Last Tuna II

Artists: Joao Parrinha & Xandi Kreuzeder
Location of temporary exhibition: Oceanário de Lisboa, Portugal
Material: iron and rusty tuna cans
Size: L 250 cm x  H 120 cm
Location of temporary exhibition: Oceanário de Lisboa, Portugal

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What is the state of bluefin tuna?

  • Since the early 1900’s when factory fishing was introduced, the bluefin numbers been reduced by 90% and in the Mediterranean it is down to 97%.
  • Between 1970 and 1998, there was 70% drop. This shows the rapid acceleration of the decline.
  • In 2009, 72% decline in the Eastern Atlantic, and 82% decline in the Western Atlantic. Same year,  Monaco formally declared as endangered.
  • At a United Nations-backed conference aimed at regulating international trade in endangered species, the total ban on bluefin tuna fishing and trading was rejected on March 18,2010. The Convention on International Trade in Endangered Species (CITES) voted 68 to 20 with 30 European abstentions.

Who is  fishing them?

  • Australia, Cape Verde, Croatia, Cypress, Greece, Italy, Indonesia, Japan, Libya, Malta, Mexico, Oman, Panama, the Philippines, Portugal, Spain, Tunisia, and Turkey.  Half are operating in the Med.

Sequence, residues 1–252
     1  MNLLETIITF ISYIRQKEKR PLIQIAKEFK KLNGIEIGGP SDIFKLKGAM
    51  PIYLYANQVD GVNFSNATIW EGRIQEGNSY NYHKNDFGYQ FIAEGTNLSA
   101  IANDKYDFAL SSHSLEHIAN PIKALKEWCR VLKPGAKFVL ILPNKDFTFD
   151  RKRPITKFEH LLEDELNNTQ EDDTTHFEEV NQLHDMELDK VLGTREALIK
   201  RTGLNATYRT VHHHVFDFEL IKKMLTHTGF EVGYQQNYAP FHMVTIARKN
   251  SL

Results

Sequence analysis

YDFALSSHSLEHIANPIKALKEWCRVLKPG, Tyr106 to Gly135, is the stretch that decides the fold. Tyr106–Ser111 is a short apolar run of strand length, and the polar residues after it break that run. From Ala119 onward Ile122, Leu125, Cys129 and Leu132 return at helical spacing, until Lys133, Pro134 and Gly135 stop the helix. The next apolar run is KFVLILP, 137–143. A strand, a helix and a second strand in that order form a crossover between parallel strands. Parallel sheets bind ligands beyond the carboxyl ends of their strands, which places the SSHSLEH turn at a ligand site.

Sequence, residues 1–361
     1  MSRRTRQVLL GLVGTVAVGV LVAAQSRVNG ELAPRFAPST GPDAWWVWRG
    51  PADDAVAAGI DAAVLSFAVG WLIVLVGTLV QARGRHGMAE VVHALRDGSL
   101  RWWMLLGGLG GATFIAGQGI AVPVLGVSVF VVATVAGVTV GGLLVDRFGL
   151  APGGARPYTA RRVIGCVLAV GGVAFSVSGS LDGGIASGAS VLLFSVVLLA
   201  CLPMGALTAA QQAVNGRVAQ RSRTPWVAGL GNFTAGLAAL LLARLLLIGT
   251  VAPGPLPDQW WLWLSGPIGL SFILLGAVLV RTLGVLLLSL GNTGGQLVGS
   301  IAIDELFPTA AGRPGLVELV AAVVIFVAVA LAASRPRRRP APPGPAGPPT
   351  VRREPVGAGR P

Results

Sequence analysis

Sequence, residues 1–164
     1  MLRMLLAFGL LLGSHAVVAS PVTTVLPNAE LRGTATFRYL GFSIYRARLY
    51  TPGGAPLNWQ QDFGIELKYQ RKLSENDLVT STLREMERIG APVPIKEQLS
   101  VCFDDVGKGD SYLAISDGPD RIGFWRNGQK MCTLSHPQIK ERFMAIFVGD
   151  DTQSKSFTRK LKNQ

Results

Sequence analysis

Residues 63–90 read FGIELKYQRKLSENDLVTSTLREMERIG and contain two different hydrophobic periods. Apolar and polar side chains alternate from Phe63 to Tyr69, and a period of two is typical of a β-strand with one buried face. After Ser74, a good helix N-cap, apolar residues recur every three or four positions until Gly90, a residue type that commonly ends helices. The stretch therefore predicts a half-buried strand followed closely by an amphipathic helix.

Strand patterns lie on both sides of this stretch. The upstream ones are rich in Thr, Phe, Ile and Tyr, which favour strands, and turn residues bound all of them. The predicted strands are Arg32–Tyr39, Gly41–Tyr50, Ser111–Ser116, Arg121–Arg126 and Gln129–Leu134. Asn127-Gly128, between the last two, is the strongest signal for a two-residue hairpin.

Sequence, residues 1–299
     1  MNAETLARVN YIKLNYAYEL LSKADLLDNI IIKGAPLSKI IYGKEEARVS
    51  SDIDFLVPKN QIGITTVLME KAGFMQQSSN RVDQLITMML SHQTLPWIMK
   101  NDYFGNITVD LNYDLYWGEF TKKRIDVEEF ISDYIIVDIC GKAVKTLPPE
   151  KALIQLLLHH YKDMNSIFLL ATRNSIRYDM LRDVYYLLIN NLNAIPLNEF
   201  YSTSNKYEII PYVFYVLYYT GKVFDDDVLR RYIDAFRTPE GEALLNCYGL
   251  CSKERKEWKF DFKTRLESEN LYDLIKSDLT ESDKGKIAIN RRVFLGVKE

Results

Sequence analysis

• Japan and Australia are the largest fisheries.

Who is buying the bluefin tuna?

  • They are used for sushi, sashimi and steaks. They are prepared in sushi as hon maguro or toro (tuna belly).
  • It is a $7.2 billion industry around the world.  The largest consumers are Japan.
  • The suppliers are marine fisheries, not fish farms.

Toxins in bluefin tuna?

  • There is elevated levels of mercury and PCBs in bluefin tuna.  It should be avoided.

Why is bluefin tuna crucial?

  • Bluefin tuna matures slowly and they are less resilient to fishing pressure.
  • As part of the ocean’s ecosystem, they are needed for preys and predators in the oceans.

How are the bluefin tuna fisheries regulated?

  • The International Commission for the Conservation of Atlantic Tunas (ICCAT) is an inter-governmental fishery organization responsible for the conservation of tunas and tuna-like species in the Atlantic Ocean and its adjacent seas.
  • Unfortunately, the international organization managed the underreporting of juvenile catches and illegal fishing.  The fishing takes way exceed the international quotas.

How are they caught?

  • Overfishing with hi-tech commercial fishing fleets and rampant illegal fishing will make the bluefin populations vanish from Mediterranean waters. They are in great danger.
  • The bluefin tuna fishing were traditionally caught with traps. Currently, purse seines are used instead and then the fish are transferred to tuna farms in cages to be fattened up.
  • They are caught with purse seines, longlines, troll lines, and trap nets. Sometimes harpoons, handlines, pole-and-line, and nets.